Stunning National Park Photos to Inspire You to Get Out and Explore

Death Valley National Park
Death Valley National Park Sarah Gustafson, 2015 Share the Experience photo contest
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Need some additional inspiration to plan a trip to a national park this spring or summer (not to mention, brush up on your photography skills)? Check out the recently announced winners from the Share the Experience 2015 photo contest, hosted by the National Park Foundation, ACTIVE Network, and Celestron. More than 15,000 entries were submitted, documenting stunning landscapes, up-close insects, and regal wildlife from national parks and public lands across the country. If these images don’t give you the itch to head out and explore the outdoors, we’re not sure what will.

And, if looking at them sparks your inner Ansel Adams, start snapping some shots of your own to enter into the 2016 Share the Experience, which is now open. For more inspiration, check out a few of our favorites from the 2015 winners.

1. Yang Lu ; Glen Canyon National Recreation Area

Glen Canyon National Recreation Area Yang Lu, 2015 Share the Experience photo contest

To capture this image (as well as the $10,000 grand prize), Yang Lu and his wife set out on a two-day backpacking trip in Utah's Glen Canyon National Recreation Area , during which they didn’t see any other people. He had done extensive research on water levels and scouting the perfect location, and his shot shows it. “There is no trail; we depended on my research,” he says. “I wanted to go in the winter when the temperature and water levels were low. The curves and those formations, I have never seen anywhere.”

2. Koustubh Kulkarni ; Joshua Tree National Park

Joshua Tree National Park Koustubh Kulkarni, 2015 Share the Experience photo contest

Kulkarni was hiking on Joshua Tree National Park ’s 49 Palms Trail with his wife, who first spotted the regal wildlife. Add in the brilliant hues from the sunset, and you have his award-winning shot. “Their perch could not have been better as it had a backdrop of the setting sun with the sky shaded in beautiful hues of orange, yellow, pink, and blue,” Kulkarni says. “The magnificent backdrop was just perfect, and in this picture it almost looks like the sheep stopped to pose for us.”

3. Sarah Gustafson; Death Valley National Park

Death Valley National Park Sarah Gustafson, 2015 Share the Experience photo contest

Gustafson’s perfectly composed shot, which took third place, blows away the silly smile-and-click selfies that are a dime a dozen these days. Gustafson, who was visiting the park for the first time, wanted to capture the grandeur of the salt flats. “While I'd seen many photos of the salt flats before, I really never understood how big the formations were,” she says. “I was shooting with a tripod, and when the sun started to set behind the western mountains, I quickly jumped into the frame to provide some scale.”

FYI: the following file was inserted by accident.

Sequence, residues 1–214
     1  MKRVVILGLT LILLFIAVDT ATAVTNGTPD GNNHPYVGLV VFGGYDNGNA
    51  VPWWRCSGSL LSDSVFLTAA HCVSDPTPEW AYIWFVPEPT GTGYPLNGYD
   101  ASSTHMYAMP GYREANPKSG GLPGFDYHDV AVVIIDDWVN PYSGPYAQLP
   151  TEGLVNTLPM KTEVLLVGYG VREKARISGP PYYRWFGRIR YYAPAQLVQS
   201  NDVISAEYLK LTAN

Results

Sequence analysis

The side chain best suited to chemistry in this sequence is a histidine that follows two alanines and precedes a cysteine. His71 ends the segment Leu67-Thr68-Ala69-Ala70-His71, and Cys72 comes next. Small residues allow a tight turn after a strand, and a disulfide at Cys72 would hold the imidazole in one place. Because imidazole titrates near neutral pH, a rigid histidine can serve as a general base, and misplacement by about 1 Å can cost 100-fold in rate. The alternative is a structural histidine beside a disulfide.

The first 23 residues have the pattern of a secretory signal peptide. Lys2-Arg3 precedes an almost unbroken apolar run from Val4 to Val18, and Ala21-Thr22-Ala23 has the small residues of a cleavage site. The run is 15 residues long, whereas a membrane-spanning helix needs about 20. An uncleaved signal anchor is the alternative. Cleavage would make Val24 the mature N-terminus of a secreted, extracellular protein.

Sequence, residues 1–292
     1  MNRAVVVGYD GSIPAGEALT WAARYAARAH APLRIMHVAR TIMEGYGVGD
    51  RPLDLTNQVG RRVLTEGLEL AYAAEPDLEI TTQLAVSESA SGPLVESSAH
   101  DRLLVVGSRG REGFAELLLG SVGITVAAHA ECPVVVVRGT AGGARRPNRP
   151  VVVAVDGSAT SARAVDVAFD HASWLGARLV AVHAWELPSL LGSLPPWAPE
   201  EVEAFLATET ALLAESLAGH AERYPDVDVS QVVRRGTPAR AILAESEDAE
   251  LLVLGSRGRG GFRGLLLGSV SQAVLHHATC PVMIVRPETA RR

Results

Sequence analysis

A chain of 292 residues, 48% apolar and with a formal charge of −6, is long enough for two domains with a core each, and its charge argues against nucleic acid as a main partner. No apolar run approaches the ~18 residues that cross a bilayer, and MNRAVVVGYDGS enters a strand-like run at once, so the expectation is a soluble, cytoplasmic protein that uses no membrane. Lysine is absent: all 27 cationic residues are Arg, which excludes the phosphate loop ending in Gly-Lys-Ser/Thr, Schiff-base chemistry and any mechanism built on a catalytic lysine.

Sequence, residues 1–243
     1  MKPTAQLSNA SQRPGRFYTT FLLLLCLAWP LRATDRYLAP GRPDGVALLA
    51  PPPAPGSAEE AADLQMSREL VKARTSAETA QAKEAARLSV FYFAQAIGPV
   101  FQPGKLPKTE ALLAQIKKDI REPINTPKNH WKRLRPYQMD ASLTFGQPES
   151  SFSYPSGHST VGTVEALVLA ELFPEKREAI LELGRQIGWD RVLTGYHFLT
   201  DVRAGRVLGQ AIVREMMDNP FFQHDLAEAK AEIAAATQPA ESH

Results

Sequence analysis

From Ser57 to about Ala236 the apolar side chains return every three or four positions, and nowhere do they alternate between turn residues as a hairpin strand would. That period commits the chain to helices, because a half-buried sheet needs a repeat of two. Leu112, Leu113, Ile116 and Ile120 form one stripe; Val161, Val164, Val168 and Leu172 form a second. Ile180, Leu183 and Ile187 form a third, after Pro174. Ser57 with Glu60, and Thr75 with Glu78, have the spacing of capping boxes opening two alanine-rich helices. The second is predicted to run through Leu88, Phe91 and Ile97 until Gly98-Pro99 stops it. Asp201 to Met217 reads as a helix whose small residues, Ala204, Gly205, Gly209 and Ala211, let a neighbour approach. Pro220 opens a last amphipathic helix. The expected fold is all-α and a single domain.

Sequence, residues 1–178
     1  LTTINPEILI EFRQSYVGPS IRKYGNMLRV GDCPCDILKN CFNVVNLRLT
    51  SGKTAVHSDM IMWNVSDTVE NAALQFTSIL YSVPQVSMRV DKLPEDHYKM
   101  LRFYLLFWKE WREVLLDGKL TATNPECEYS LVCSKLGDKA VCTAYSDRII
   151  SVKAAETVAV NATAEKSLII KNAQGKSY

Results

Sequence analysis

4. Steve Ancik; Ah-shi-sle-pah Wilderness Study Area

Ah-shi-sle-pah Wilderness Study Area Steve Ancik, 2015 Share the Experience photo contest

Ancik got up really early to snag his haunting image, which won the Scenic, Seasons, and Landscapes category, in this remote wilderness in the San Juan Basin area of New Mexico. He drove 10 miles on rugged dirt roads and hiked another three miles, all in the pre-dawn hours, to catch the sunrise at a rock formation called the King of Wings, stands six feet tall and overhangs at least 12 feet. It’s the skeleton, however, that really takes the shot from great to epic. “The skeleton was already there and it turned out to be a beautiful sunrise with lots of colors,” Ancik says.

5. Erik Fremstad; Badlands National Park

Badlands National Park Erik Fremstad, 2015 Share the Experience photo contest

The stark landscapes of Badlands National Park become even more provocative under a star-studded sky, as Fremstad so perfectly captures in this powerful shot. “The layers in the formations at Badlands National Park display roughly 75 million years of history,” he says. “Looking up at the great unknown of the Milky Way galaxy, you wonder what the future may hold. The choices we make today will decide the fate of not only our National Parks but the quality of life for future generations.”

Written by Blane Bachelor for RootsRated.

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